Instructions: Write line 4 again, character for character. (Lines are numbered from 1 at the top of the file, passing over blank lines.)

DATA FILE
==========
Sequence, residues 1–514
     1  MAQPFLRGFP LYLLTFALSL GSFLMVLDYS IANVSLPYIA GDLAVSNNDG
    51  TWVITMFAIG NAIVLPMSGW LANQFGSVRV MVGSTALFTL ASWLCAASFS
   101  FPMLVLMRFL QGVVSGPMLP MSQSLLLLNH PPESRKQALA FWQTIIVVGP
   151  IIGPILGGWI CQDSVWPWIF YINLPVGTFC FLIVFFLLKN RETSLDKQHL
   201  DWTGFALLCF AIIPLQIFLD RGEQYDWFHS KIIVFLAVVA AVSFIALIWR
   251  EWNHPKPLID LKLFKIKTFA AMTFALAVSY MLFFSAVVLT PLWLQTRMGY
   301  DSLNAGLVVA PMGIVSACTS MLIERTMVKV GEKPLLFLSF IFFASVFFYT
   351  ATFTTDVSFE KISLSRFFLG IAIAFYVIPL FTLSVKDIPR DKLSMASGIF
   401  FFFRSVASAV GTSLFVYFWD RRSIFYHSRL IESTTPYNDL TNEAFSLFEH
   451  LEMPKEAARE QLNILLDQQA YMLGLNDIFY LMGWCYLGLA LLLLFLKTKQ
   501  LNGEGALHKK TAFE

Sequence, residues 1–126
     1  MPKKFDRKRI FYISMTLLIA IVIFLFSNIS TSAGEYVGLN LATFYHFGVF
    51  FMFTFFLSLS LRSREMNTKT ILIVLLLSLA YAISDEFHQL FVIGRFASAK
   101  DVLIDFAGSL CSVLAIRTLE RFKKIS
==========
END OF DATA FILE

   101  FPMLVLMRFL QGVVSGPMLP MSQSLLLLNH PPESRKQALA FWQTIIVVGP